Saturday, January 25, 2014

The Super Bowl Narratives

If there is something that makes humans human, it is our ability, no, our desire to find patterns. To make connections. To tell stories. It is something we are very good at, such that clouds become herds of horses, smatterings of stars become legendary heroes, and a handful of stats indicate the economy is going great/going to hell in a handbasket due to the high ethics/moral bankruptcy of those involved.

And now, the Superb Owl. Championship game of the NFL. And that is not just enough, of course. It must have deeper meaning than merely men contending for a prize, and as a result, we see the rise of the Narrative. 

This year, the game is between my hometown Seattle Seahawks and the Peyton Mannings. Yes, it really is the Denver Broncos, but despite the fact that Denver has a plethora of excellent players (none of whom come to mind at the moment), every bit of coverage is going to be about the legendary quarterback who is going to a Superbowl representing a completely different city than his last time.  In fact, we can use a Manning-base Bechdel test here - You have to find an article that a) is about the Broncos, b) is about a player who is not Manning, and c) does not mention Manning and that player's relationship to Manning. Have fun.

Note that even our local weather expert, Cliff Mass, falls prey to this - comparing how well the Seahawks as a team do in aggregate against how well Peyton Manning does in sub-zero weather. Sigh. 

On the other side, the Seahawk articles will follow the traditional overlapping trinities found at this time of year. One player is chosen from the following categories - Quarterback, Running Back/Receiver, and Defender. There will be other players who are very, very good at their jobs, but we look at those positions, and then overlay the approved personality traits - The Cute One, The Loud One, and the Tough One.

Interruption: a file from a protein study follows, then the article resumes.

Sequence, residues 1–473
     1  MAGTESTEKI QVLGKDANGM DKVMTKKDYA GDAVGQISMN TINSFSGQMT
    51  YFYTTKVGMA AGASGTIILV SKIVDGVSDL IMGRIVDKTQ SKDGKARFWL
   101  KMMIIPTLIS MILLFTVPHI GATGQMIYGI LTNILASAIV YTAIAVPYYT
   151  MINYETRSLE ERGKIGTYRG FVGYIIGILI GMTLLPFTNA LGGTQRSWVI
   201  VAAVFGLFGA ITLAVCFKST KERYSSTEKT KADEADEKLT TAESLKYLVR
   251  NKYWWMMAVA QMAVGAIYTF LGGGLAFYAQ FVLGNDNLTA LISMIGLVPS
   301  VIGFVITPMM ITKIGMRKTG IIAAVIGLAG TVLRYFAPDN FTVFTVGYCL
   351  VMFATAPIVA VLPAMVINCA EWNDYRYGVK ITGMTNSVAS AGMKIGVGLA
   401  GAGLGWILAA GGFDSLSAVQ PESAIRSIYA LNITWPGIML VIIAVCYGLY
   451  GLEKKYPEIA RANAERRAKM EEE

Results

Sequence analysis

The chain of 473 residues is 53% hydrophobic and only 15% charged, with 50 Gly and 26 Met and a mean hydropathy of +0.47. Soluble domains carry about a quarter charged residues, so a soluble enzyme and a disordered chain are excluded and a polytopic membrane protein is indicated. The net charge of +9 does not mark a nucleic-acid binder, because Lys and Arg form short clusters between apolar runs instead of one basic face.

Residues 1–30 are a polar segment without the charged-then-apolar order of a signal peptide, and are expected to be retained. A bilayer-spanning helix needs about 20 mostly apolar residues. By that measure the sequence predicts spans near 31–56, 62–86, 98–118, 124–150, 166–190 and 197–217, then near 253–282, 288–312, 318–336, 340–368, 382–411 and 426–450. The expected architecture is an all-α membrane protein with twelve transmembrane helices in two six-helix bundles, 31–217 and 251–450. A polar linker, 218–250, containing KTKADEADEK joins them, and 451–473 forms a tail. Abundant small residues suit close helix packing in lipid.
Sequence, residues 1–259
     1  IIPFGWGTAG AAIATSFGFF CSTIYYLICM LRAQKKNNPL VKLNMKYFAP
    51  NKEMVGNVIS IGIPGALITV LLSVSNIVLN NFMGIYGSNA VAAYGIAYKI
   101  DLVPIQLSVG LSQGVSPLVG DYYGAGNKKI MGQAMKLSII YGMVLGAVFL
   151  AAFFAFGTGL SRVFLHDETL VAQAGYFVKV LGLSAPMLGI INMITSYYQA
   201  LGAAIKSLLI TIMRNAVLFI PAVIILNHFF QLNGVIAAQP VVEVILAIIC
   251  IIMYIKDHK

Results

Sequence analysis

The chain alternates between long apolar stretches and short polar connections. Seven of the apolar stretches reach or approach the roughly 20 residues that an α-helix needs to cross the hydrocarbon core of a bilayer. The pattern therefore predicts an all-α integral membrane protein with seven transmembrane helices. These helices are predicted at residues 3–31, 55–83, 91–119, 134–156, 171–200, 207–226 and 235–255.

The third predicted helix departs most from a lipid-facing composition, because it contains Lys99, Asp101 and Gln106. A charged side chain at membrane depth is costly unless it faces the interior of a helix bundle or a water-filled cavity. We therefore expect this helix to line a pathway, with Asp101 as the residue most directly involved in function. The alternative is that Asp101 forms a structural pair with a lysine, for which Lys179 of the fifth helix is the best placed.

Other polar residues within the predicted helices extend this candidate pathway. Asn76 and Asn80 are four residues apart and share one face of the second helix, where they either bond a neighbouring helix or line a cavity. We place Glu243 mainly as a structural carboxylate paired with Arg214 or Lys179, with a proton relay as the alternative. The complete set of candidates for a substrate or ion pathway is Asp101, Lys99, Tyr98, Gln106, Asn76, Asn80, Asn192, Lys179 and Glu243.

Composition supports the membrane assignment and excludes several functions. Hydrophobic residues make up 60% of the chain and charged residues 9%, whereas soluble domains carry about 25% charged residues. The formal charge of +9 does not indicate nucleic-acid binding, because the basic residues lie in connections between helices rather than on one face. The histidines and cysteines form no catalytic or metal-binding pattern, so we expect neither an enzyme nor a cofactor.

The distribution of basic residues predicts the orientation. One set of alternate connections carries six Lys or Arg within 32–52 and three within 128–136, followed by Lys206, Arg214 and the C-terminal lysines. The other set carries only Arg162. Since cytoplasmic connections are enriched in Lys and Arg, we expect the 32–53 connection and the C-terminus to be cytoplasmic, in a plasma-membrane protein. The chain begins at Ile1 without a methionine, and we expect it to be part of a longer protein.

Think I'm kidding? Look no further than the championship Steelers of my youth, with Bradshaw (Quarterback, Loud), Franco Harris (Cute (well, suave), Receiver), and Mean Joe Greene (Tough, Defender). It is a pattern, one the Narrative  thrives upon.

And if you have to talk about a fourth player, you talk about the kicker. The kicker is the Ringo of the holy trinity, and doesn't need to have a singifying trait. 

So, for the 'Hawks, we have Wilson (Cute, Quarterback), Sherman (Loud, Defender), and Lynch (Tough, Running Back). We have a lot of extremely talents players (Kearse, Baldwin, Tate and the holy ghost of Harbin who will player a full quarter sometime this season), but those first three will be the stories. Along with the "character" of the team.

See, the last time Seattle went to the Superbowl (against Pittsburgh), the team was considered too NICE to be there. Seattle was a bunch of reasonable nerds with pocket protectors that would be mugged by the smashmouth, down and dirty, hard working type of football that Pittsburgh played. And indeed, that narrative played into a couple questionable calls that Seattle remembers bitterly to this day (Not that this seeking of redemption will be part of the Narrative - the Narrative does not like to examine the mistakes of the Previous Narratives). 

This time, the Narrative is shaping up the other way. Seattle is the black hats. We're the bad boys, the loud mouths, the chippy trash-talkers. The coach looks the other way for violations and the team has been heavily penalized. They are the scrapyard dogs, the fans are loud and obnoxious, they play nasty. They are almost ... Oakland. This is an 180 degree flip from the last time. But don't ask the Narrative about this - the Narrative moves in its own, private ways.

So look for these things in the next week as the hype engines fire up, and the sports folk talk about Russel Wilson's boyish good look and how uncouth our team is. And most of all, the Narrative will be how it will all be for naught as Peyton Manning and his team, the Peyton Mannings, cruise to victory. Until they don't.

More later,